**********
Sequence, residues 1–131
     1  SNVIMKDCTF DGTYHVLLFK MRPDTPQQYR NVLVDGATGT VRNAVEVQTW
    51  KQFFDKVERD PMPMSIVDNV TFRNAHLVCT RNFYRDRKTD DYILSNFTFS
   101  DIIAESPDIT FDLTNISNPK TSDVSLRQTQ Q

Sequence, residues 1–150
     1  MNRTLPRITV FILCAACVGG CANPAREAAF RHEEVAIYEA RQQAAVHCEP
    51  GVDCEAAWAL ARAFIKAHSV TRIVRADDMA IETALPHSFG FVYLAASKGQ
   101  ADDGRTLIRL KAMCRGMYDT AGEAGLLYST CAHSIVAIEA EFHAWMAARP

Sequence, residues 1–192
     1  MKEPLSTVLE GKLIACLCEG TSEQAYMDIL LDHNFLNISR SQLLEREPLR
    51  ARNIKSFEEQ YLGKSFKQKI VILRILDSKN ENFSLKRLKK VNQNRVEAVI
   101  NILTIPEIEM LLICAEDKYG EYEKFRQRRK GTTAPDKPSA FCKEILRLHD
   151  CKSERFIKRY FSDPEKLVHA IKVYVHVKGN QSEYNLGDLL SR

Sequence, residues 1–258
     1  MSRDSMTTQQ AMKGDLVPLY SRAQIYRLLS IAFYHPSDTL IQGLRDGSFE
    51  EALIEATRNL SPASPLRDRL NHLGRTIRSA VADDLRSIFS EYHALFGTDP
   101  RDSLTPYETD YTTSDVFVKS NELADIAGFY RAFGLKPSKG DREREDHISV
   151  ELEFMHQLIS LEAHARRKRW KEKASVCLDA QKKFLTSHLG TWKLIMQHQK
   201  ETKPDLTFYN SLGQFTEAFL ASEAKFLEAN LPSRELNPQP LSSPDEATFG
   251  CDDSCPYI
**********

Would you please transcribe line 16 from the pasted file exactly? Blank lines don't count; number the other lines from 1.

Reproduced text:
    51  EALIEATRNL SPASPLRDRL NHLGRTIRSA VADDLRSIFS EYHALFGTDP